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Studios, writers quit talks at deadline; strike looms

November 01, 2007|Richard Verrier | Times Staff Writer

Striking so soon carries big risks for the writers union.

"The guild would look completely unreasonable if it struck immediately, particularly since they've introduced a federal mediator," said Jonathan Handel, an entertainment industry attorney with TroyGould in Los Angeles and a former associate counsel for the Writers Guild. "There's no need for them to drop that arrow from their quiver so quickly."

Few were surprised by the logjam in talks, given how far apart the two sides have been on major issues. At one point this week, the parties couldn't even agree on where to meet.

"With the late start in negotiations, this was predictable," said veteran entertainment attorney Howard Fabrick, of Akin Gump Strauss Hauer & Feld. "It's a consequence of the way both sides approached collective bargaining this year, choosing to do so in a public forum rather than across the table where deals get made."

Writers maintain they were shortchanged years ago, when they agreed to a discounted pay formula for home video sales, only to see that business flourish. They currently receive about 5 cents for every DVD sold. And they're determined not to make the same mistake again, now that entertainment is undergoing another transformation, this one on the Internet.

They are seeking to double the current residual rate for home video sales and get higher rates for films and TV shows that are sold online, as well as residual payments for shows streamed for free over the Web.

Studios say the demands are economically untenable. They've rejected the proposal to raise home video payments, maintaining that DVD sales are needed to offset rising marketing and production costs in film and television. They oppose paying higher rates on digital downloads or getting locked into fixed pay formulas for online shows when they're grappling with uncertain business models.

The two sides also have squared off over reality TV. The Writers Guild wants members who work on so-called unscripted shows to have union benefits just like their peers. They've filed lawsuits against producers of reality TV shows, alleging violations of labor laws, and backed a strike against producers of the CW's "America's Next Top Model."

Producers have argued that writers for reality TV aren't writers in the conventional sense and claim the union has no jurisdiction.

But the dispute also has been fueled by a clash of personalities.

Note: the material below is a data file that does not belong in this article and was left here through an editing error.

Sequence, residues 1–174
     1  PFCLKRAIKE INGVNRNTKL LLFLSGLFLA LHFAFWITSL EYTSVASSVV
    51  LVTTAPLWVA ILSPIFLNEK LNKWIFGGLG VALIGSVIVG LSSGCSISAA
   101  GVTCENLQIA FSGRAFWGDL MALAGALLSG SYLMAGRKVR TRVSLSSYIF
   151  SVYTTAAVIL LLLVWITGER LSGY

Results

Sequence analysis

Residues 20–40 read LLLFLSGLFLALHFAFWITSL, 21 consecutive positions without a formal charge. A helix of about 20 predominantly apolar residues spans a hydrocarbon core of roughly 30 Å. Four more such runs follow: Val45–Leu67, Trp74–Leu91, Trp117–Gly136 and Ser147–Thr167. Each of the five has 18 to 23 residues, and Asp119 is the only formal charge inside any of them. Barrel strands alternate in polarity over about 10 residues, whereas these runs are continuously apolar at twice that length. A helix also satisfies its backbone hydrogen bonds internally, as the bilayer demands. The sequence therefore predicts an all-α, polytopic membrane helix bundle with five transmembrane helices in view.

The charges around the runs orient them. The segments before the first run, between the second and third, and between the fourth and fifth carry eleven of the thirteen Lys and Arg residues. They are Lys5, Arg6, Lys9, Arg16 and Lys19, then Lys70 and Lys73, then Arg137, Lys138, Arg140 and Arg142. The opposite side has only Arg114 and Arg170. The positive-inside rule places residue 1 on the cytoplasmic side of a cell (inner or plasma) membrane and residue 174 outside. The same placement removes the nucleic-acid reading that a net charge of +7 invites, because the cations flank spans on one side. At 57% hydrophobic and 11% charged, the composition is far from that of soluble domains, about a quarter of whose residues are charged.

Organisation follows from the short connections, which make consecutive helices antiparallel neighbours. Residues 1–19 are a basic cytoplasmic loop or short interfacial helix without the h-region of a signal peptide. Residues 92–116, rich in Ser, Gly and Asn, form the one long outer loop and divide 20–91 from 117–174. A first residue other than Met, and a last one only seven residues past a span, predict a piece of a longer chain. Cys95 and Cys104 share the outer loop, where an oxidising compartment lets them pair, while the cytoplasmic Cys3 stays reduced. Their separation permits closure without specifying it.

On one side is Counter, a scrappy veteran negotiator who for more than two decades has held together the often-fractious producers alliance.

He has often sparred with chief union negotiator David Young, a former veteran organizer of construction and garment workers. He was named the West Coast guild's executive director last year. This is his first major negotiation in the entertainment industry.

Since he was hired, Young has favored confrontational tactics associated with blue-collar unions like the Teamsters, such as staging pickets and protests at industry panels. The tactics have irritated Counter, who has publicly criticized Young as reckless and inexperienced.

"The fact that the two men don't evidently have any kind of relationship of trust at all would seem to mean that it's difficult, if not impossible, to do the kind of off-the-record exploration that often leads to breakthroughs," said Dan Petrie Jr., past president of the WGA West.

Likewise, there's no love lost between Counter and Verrone, the animation writer who has been guiding the guild's strategy, along with a negotiating committee made up of top writer-producers including Shawn Ryan ("The Unit"), Neal Baer ("Law & Order Special Victims Unit") and Marc Cherry ("Desperate Housewives").

None of these show runners has played a role similar to that of John Wells ("ER," "West Wing"), the former guild president and writer-producer who helped avert a strike in 2001 by serving as a unifying voice.

As for the alliance, their group is dominated by such heavyweights as Walt Disney Co. Chief Executive Robert Iger, News Corp. President Peter Chernin, CBS Corp. CEO Leslie Moonves and Warner Bros. Entertainment Chairman Barry Meyer.

So far at least, none of them has emerged as a potential broker in the mold of Lew Wasserman, the legendary former agent and MCA chairman who frequently used his clout to keep the peace in Hollywood.

--

richard.verrier@latimes.com

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